As long as we think there is a distinction between “God” and “Us”, we live in that dreaded gulf which the rich man Dives discovered. He died to find that he was separated from God and that the destitute beggarman at his gate lay in the bosom of Abraham. He could only gaze - and never the twain should meet.

There is no “separate” God Who sits outside of you or me, acting like some temperamental, spoiled, petty, feudal, Oriental monarch, to whose whim we are arbitrarily and capriciously made victim.

God is You, Me. Until we accept this at its deepest Mystery, we shall only gaze like Dives across an unbridgeable Gulf, where our true Self lies in God’s bosom and we cannot be whole.

If we have the courage to offer a radical prayer today, may it be the one Jesus – Who IS our truest Self – prayed: “May You and I be One”.


Thursday, September 16, 2010

Brian’s Reflection: Thursday, September 17, 2010

Life is a very narrow bridge between
two eternities. Be not afraid.

Rabbi Nachman of Braslav

Any Wisdom that can help us not to be afraid is a good thing. Most of us would probably agree with that. And like many great teachers, Rabbi Nachman here makes a simple, clear statement to make a single clear point: It does not help us to live Life if we are afraid. This is a principle we all need to know or learn. And readers of the Gospel will remember how many times angels and Jesus said simply: “Be not afraid.”

However: the rabbi’s words could be taken to mean that human Life – that narrow bridge – is of little consequence; that what’s important is the “two eternities” - if indeed the two eternities exist. Here I profoundly disagree – and I don’t think the rabbi means to imply this.

How long or short the “narrow bridge” is is unimportant. What is important is to be as free as possible to live Life as superbly as possible – the “good” and the “bad”. It’s our Life’s work to learn how to do this, and we all need a lot of good teaching, advice, and support.

Bottom line: the “narrow bridge” has a beginning and an end. For us all. Whatever else I have appropriated in my Journey to help me, I find it really helpful just to know that Life began mysteriously and it will end probably mysteriously!! I have only to walk the span, give it my best, and take the best it has to offer.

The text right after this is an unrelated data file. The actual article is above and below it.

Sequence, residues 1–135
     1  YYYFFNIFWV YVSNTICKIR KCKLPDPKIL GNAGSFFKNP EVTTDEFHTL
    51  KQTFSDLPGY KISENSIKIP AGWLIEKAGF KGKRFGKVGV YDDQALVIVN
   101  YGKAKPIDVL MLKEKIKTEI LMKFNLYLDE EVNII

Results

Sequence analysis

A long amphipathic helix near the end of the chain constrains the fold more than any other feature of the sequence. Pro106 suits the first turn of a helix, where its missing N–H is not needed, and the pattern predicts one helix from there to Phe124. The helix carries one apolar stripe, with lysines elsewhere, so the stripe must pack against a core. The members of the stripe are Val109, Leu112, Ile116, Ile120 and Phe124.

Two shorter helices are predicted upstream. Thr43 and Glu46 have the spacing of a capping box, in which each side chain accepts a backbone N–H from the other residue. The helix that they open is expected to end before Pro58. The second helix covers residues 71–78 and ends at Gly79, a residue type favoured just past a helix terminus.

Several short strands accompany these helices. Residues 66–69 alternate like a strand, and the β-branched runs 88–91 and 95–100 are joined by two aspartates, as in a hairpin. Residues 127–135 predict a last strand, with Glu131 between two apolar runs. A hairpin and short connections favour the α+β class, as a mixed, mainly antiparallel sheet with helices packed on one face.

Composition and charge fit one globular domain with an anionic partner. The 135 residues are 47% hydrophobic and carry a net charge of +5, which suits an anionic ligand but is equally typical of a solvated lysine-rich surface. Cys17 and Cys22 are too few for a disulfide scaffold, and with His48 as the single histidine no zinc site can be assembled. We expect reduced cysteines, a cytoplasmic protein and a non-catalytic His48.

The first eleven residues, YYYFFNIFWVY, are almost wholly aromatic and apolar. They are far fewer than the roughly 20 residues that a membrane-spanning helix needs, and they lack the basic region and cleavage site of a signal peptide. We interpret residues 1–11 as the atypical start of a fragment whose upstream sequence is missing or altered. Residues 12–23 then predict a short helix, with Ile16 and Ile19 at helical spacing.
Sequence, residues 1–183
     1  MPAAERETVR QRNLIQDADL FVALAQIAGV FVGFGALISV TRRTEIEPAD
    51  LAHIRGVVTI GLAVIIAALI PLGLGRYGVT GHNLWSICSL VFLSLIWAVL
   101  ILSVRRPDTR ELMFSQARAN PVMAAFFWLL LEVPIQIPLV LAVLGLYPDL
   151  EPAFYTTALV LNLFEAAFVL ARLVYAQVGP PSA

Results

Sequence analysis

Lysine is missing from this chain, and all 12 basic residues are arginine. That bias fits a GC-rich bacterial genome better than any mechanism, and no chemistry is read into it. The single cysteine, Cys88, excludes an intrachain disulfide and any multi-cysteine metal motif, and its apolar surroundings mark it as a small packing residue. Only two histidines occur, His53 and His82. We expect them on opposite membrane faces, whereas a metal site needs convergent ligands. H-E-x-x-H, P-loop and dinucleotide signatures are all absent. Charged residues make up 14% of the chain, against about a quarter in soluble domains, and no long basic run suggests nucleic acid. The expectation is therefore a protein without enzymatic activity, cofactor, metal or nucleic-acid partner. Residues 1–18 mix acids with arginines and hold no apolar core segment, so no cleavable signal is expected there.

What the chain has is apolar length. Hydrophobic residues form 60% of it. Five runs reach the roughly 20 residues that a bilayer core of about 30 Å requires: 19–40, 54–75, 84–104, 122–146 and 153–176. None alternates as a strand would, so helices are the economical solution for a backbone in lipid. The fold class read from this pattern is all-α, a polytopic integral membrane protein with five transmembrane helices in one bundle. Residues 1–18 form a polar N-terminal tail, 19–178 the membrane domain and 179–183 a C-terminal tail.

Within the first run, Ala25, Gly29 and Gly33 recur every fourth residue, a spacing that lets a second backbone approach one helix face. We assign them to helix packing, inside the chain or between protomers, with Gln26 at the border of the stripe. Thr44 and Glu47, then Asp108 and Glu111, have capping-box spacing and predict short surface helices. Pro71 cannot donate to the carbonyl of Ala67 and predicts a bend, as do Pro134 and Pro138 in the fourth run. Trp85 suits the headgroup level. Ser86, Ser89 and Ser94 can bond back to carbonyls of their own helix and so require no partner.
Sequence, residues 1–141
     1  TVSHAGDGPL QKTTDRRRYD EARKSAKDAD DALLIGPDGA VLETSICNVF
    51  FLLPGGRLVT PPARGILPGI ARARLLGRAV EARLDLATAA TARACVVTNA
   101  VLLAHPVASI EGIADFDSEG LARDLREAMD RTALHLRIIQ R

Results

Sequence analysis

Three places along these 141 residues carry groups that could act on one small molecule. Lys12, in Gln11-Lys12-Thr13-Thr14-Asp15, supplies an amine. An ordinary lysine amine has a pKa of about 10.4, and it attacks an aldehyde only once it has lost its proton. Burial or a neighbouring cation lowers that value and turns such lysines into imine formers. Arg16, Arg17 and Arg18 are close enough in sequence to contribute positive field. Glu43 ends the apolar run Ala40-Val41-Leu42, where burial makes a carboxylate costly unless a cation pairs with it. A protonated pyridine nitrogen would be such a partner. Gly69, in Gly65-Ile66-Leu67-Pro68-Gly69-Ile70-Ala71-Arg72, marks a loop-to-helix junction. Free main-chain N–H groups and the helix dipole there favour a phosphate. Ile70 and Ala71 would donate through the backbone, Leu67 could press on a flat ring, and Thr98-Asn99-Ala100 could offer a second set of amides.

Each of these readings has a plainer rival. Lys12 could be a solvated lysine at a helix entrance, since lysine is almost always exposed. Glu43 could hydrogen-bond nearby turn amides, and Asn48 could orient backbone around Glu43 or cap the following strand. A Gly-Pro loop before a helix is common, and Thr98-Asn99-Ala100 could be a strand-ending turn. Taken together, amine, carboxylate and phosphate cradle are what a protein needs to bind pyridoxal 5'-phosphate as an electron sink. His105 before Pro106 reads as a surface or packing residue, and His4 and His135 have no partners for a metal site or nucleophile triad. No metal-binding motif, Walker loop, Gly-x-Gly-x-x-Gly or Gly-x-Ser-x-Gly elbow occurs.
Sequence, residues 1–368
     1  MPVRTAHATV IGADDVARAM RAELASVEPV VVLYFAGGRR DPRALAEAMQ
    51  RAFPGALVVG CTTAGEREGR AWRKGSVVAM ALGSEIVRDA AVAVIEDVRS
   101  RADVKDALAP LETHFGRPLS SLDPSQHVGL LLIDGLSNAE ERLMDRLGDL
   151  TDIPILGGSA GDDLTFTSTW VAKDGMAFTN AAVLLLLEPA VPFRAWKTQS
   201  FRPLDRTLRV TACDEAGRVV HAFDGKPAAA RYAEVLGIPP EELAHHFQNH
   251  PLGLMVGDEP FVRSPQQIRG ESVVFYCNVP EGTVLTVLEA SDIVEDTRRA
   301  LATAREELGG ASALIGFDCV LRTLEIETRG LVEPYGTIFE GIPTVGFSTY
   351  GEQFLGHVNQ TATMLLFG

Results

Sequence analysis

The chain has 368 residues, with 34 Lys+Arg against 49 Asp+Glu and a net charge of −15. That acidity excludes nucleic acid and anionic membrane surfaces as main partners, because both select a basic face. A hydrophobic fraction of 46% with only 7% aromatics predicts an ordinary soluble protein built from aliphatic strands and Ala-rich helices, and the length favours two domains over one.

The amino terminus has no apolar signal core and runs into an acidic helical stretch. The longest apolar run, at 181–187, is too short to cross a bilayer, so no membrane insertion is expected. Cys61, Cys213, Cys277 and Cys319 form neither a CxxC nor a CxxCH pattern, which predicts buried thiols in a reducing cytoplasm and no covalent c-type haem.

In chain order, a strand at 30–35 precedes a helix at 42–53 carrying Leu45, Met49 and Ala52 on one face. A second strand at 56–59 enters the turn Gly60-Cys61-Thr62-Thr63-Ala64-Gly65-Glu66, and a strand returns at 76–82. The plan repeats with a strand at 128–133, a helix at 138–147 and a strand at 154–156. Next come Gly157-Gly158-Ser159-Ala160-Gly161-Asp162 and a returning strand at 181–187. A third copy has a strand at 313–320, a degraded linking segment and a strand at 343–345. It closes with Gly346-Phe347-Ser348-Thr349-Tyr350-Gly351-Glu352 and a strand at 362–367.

It won’t last forever. It’s full of possibilities.

Be not afraid!

Brian’s Reflection: Thursday, September 16, 2010

Soon silence will have passed into legend. Man has
turned his back on silence. Day after day he invents
machines and devices that increase noise and distract
humanity from the essence of life, contemplation, meditation.

Jean Arp, French sculptor, painter & poet,
born on this date, 1887

I am one of the very fortunate few. We live in a quiet place – a “seniors’ park” in California, in an area on the Central Coast where there are many places to go “in the country” where nothing can be heard but the wind and the song of birds or the ocean. We must be in the top 1% of human beings. And, we can go to monasteries or convents or other such places for time in a place where Silence is valued and nurtured.

Plus, Dennis and I are “contemplative” folk. We talk when we wish. But we can be together for hours and say little or nothing, enjoying the Silence, aware of each other and our surroundings, but not driven to chatter. This Silence we find nurturing and humanizing.

Even in the midst of “machines and devices that increase noise and distract humanity”, Silence can be deliberately created. I agree with Jean Arp: inner and outer Noise breaks down “the essence of life” and shuts out the contemplation and meditation what all humans need to remain sane and atuned to the Mystery that Life is.


Tuesday, September 14, 2010

Brian’s Reflection: Wednesday, September 15, 2010

Problems arise in that one has to find a balance between
what people need from you and what you need for yourself.

Jesse Norman, opera diva; born on this date, 1945

The first time I heard Richard Strauss’s “Four Last Songs”, as a teenager, they were sung by Gundula Yanowitz, a Viennese soprano, preeminent in the 60’s and 70’s, who is acknowledged as one of the great singers of the 20th century. I was thrilled and mesmerized. I will never forget the moment in the third song, called “Going to Sleep”, where the voice enters as the exquisite violin solo closes: it was impossible to tell when the moment of change occurred! For me, it has become a paramount symbol of the seamless flow between God and ourselves. Absolutely thrilling.

Here are the words of that song, "Beim Schlafengehen", written by Hermann Hesse:

Now that I am wearied of the day,
 I will let the friendly, starry night

greet all my ardent desires
 like a sleepy child.
Hands, stop all your work.
 Brow, forget all your thinking.

All my senses now
 yearn to sink into slumber.
And my unfettered soul 
wishes to soar up freely 

into night's magic sphere
 to live there deeply and thousandfold.

It will be sung at my funeral. But if you have never heard it, I hope you do soon. Alas, I have lost the scratchy tape of Yanowitz. But Madame Norman does a beautiful job!

Ms. Norman is right about the balance between what “people need from you and what you need for yourself”. I have never believed that God demands that to love Her or others truly we must neglect ourselves. It is a contradiction in realities. It is also to dishonour the miracle of the human nature that we are. I have never seen any virtue or a true understanding of either God or ourselves in abusing either our Self or another. The “Shema O Israel” has it balanced rightly: Love God, Neighbour, and Self - and the circle of Love cannot be broken or weakened.